[James] Bond...looked carefully at the barman.
'A dry martini,' he said. 'One. In a deep champagne goblet.'
'Just a moment. Three measures of Gordon's, one of vodka, half a measure of Kina Lillet. Shake it very well until it's ice-cold, then add a large thin slice of lemon peel. Got it?'
'Certainly, monsieur.' The barman seemed pleased with the idea.
'Gosh, that's certainly a drink,' said [Felix] Leiter.
Bond laughed. 'When I'm...er...concentrating,' he explained, 'I never have more than one drink before dinner. But I do like that one to be large and very strong and very cold and very well-made. I hate small portions of anything, particularly when they taste bad. This drink's my own invention. I'm going to patent it when I can think of a good name.'
He watched carefully as the deep glass became frosted with the pale golden drink, slightly aerated by the bruising of the shaker. He reached for it and took a long sip.
'Excellent,' he said to the barman, 'but if you can get a vodka made with grain instead of potatoes, you will find it still better.'
[Later, with a woman he'd just met]
'I would love a glass of vodka,' she said simply, and went back to her study of the menu.
'A small carafe of vodka, very cold,' ordered Bond. He said to her abruptly: 'I can't drink the health of your new frock without knowing your Christian name.'
'Vesper,' she said. 'Vesper Lynd.'
Bond gave her a look of inquiry.
'It's rather a bore always having to explain, but I was born in the evening, on a very stormy evening according to my parents. Apparently they wanted to remember it.' She smiled. 'Some people like it, others don't. I'm just used to it.'
'I think it's a fine name,' said Bond. An idea struck him. 'Can I borrow it?' He explained about the special martini he had invented and his search for a name for it. 'The Vesper,' he said. 'It sounds perfect and it's very appropriate to the violet hour when my cocktail will now be drunk all over the world. Can I have it?'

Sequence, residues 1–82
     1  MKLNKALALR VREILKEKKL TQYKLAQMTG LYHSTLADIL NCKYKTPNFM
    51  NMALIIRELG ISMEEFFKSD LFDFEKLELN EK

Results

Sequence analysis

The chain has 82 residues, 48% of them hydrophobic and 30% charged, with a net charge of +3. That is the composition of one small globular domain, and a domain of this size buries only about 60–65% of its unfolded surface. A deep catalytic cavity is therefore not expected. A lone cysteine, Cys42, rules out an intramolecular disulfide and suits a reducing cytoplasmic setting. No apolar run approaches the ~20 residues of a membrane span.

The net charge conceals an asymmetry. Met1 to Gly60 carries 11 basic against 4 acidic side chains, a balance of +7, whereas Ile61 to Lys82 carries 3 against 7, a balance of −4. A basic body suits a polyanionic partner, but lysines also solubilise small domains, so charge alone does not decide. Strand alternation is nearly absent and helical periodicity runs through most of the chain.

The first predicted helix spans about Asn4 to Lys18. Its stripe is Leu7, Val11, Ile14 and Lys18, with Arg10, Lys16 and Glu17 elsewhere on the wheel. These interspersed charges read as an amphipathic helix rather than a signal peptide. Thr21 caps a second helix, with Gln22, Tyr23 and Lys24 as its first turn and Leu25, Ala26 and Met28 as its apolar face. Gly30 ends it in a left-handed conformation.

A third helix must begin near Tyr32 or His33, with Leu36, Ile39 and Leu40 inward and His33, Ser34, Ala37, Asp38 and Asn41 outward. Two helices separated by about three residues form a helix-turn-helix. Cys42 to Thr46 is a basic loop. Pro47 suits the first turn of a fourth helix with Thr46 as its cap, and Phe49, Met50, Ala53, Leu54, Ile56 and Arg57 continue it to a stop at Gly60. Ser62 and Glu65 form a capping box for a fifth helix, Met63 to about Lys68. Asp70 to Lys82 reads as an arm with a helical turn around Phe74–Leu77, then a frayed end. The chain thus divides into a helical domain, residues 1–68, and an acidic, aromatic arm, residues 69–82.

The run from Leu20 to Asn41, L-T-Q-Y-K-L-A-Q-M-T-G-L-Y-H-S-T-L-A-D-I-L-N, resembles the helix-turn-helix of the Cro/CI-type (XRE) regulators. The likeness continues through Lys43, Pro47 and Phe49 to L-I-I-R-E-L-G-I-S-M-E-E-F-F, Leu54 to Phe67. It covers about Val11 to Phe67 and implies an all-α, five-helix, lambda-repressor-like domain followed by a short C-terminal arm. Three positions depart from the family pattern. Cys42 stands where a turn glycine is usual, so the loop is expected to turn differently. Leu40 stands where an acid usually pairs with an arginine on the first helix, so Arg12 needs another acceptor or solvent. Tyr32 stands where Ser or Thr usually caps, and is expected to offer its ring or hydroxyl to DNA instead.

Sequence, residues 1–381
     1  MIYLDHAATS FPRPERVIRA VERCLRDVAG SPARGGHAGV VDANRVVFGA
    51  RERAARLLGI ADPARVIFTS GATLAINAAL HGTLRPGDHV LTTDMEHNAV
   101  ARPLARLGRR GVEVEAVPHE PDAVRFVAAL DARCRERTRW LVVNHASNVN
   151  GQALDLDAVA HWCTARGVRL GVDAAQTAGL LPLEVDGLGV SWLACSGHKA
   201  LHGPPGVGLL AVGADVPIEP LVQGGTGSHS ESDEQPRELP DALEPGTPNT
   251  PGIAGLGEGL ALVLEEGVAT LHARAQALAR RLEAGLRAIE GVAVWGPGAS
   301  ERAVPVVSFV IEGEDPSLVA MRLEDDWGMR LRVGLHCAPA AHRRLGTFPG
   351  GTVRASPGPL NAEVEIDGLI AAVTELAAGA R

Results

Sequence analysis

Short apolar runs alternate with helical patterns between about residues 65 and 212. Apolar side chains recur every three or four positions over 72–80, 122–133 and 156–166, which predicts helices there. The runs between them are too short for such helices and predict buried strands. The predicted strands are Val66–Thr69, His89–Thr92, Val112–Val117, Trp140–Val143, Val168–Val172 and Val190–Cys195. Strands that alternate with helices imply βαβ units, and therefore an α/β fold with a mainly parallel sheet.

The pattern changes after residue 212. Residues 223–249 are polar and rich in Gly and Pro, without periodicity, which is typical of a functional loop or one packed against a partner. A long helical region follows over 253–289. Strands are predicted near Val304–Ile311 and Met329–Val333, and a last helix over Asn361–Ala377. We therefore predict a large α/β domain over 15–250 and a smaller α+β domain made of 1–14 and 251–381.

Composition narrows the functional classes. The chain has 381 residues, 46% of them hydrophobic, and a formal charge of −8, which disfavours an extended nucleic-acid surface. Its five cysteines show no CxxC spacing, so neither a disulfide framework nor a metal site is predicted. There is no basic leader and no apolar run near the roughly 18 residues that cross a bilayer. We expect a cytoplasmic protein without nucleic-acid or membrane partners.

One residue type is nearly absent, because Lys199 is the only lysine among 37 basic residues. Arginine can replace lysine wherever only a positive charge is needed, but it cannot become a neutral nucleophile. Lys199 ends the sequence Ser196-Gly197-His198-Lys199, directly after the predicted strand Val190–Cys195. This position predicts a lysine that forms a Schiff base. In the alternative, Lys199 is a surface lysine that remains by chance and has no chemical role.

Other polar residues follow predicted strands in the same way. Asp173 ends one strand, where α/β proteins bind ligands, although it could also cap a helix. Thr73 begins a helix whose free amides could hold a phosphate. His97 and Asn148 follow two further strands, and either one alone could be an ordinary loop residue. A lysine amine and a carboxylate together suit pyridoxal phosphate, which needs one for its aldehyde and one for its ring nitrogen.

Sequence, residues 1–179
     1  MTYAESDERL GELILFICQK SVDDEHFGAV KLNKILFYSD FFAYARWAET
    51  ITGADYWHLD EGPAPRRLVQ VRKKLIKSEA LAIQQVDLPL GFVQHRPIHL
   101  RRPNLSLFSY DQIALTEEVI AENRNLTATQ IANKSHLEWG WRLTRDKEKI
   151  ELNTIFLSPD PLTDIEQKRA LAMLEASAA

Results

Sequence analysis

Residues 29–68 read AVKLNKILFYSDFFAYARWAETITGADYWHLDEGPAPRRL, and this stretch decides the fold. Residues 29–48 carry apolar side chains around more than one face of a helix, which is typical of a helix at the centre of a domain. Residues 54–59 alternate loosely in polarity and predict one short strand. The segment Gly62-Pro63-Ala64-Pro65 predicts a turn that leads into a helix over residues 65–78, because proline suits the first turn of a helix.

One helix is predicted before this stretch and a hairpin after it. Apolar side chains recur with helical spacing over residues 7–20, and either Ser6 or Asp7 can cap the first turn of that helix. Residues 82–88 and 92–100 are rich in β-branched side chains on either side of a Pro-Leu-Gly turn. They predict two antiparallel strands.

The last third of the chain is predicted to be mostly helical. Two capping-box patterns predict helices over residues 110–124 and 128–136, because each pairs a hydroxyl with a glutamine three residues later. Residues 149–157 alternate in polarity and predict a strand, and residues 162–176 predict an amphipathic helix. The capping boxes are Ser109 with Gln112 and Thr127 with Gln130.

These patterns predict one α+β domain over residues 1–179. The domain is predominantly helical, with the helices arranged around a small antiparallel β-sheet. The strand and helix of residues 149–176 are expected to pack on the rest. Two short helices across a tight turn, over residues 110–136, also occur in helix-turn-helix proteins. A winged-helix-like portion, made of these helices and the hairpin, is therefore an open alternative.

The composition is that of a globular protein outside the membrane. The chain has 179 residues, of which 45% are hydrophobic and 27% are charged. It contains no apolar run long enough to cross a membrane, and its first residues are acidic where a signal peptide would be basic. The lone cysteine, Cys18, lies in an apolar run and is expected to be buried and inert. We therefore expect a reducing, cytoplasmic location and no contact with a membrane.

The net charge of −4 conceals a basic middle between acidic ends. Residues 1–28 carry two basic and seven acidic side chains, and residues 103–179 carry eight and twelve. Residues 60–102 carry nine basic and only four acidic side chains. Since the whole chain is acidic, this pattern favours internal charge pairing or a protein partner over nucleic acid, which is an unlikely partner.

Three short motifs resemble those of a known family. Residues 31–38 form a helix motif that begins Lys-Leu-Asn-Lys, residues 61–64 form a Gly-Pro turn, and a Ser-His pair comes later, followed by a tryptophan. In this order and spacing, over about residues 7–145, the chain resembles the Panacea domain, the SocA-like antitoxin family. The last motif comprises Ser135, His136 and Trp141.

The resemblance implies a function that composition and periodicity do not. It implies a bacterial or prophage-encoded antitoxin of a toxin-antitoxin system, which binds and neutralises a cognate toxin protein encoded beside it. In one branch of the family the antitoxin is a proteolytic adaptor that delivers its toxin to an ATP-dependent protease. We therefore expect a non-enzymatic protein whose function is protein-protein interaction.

'So long as I can try one first,' she promised. 'It sounds a drink to be proud of.'
- Excerpts from "Casino Royale" by Ian Fleming, published 1953.
In celebration of National Dry Martini Day today, I'm presenting one of the most iconic drinks of literature and film: The Vesper. It's not to be mistaken for the far simpler usual order of Mr. Bond, the vodka martini, shaken not stirred, although it has some similarities: it includes vodka, although more gin and, notably, it is also shaken.
|Lillet Blanc and Cocchi Americano|
Instead of Lillet Blanc, there are many that stand by Italian aperitif Cocchi Americano as a better substitute, since it contains quinine, the bitter compound in tonic water that makes gin & tonic so distinctive. Tasting the two side-by-side, they are clearly very different: Lillet Blanc is tasty but unassuming like a fairly sweet wine wine. Cocchi Americano, on the other hand, has the distinctive bitterness of quinine, which the original drink with Kina Lillet would've had as well. It's up to you which to use, but I went with Cocchi Americano.
Another aspect of this drink that's up for debate is whether to shake it. Sure, it's classic that Bond shakes his martinis, but most cocktail pros suggest that's a no-no. Shaking is for drinks with ingredients that are hard to combine like syrups and fruit juices, but a drink like this that's just spirits should really be stirred. Leo Robitschek, beverage director for The NoMad, is certainly someone who knows what he's doing behind a bar. In this video, he suggests stirring The Vesper, and I'm not going to argue with him.
The Vesper Martini
2 oz. dry gin (I used Plymouth)
1 oz. vodka (I used the somewhat unusual choice of Dry Fly, an American grain vodka)
1/2 oz. Cocchi Americano aperitivo
Combine gin, vodka and Cocchi Americano in a cocktail mixing glass with ice. Stir until combined and cold and strain into a martini glass. Garnish with the lemon twist. Drink while listening to a classic John Barry Bond score.